Thornton Road is a typical byelaw terrace house that lies in Fallowfield, a suburb three miles south of Manchester. Opening out directly onto the front garden and street, the relatively sober facade is articulated by red brick, terracotta decorative features and small window openings that express a clear distinction between a controlled interior environment and the exterior space from which it is isolated.Within, a long and thin footprint featuring two floors of two rooms each, with the entrance hall and stairs to one side. To the rear lies a yard or garden not directly accessed from the public street.
The client – a happily single man – wanted a remodelling concept for his "home for the future". A home that looked to nature, specifically the sun, to not only reduce or eliminate his consumption of fossil fuels for heating and lighting but also to answer his deep desire for a contemporary urban life that is "more satisfying sensually, emotionally, intellectually and spiritually".
To achieve this, Walls Can Be More divided the remodelling process into four distinct phases that took their inspiration from historic and modern Japanese techniques with an emphasis on nature and fluidity. The first was Kyokai: the precise configuration of openings to benefit from both natural light and heat as well as frame a specific element of a landscape. Second was Wabi: the application of natural materials, colours and textures with an "undeclared beauty that waits patiently to be discovered.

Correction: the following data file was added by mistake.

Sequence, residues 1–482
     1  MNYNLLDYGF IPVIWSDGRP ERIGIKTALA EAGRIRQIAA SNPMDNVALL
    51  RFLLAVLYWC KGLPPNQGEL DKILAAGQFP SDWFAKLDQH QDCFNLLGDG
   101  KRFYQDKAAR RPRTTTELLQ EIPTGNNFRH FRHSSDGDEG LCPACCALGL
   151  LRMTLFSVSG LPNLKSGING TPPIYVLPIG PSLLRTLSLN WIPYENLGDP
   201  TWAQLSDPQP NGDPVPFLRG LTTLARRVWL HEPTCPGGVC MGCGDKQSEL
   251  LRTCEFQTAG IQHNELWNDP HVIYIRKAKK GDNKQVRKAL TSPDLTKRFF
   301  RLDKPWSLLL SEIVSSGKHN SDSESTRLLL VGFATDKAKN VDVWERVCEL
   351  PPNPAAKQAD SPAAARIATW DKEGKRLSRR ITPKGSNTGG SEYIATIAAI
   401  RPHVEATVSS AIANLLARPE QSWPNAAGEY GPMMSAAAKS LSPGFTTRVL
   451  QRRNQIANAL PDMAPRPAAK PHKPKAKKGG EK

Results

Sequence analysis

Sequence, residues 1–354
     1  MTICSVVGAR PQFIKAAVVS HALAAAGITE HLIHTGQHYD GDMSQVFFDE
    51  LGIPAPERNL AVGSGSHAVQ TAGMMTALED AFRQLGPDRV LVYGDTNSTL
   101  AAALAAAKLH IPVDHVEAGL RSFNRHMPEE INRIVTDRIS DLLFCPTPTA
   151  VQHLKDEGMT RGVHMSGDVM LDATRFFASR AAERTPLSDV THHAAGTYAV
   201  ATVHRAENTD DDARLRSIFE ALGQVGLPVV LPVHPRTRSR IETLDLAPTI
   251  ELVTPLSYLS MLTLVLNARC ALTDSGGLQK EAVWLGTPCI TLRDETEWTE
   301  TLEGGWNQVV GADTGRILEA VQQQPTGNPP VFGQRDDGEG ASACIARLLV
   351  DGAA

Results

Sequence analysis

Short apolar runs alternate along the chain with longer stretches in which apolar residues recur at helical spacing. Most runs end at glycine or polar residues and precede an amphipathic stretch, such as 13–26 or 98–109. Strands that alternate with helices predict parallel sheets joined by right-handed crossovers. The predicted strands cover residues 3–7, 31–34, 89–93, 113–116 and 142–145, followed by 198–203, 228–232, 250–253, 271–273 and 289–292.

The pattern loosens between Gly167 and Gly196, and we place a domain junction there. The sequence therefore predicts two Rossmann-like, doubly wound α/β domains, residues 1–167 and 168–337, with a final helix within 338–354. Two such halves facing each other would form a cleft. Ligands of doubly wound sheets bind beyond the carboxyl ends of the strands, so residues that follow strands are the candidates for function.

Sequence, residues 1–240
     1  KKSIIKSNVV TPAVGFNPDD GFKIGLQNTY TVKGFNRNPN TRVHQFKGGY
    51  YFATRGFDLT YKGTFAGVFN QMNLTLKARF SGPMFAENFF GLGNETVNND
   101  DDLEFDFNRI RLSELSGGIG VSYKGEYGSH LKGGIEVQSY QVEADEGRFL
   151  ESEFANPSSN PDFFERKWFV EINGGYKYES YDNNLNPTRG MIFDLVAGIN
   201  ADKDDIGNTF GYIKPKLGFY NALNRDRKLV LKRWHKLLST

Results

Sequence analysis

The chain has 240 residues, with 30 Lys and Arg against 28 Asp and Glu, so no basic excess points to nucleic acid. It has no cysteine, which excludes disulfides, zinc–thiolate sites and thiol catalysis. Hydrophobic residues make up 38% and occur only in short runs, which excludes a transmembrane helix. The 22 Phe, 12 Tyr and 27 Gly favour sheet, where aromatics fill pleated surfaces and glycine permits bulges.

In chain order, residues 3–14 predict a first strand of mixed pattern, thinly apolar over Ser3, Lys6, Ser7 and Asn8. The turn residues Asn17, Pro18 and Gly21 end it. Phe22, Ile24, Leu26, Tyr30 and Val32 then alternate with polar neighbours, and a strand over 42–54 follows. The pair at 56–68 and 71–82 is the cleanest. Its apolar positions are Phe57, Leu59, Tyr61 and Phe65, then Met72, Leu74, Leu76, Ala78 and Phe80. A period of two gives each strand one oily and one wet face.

Next was Nihon Teien, the careful arrangement of several natural elements - trees, shrubs, grasses, stones, gravel, water and "borrowed" scenery - directly in front of the openings to create a series of natural paintings which are always changing and expressing the beauty and mystery of nature. The fourth, and most important, was the precise positioning of furnishings and fixtures in front of the natural painting to conjure a series of viewing positions that translate into a sense of peace and comfort to those who experience it.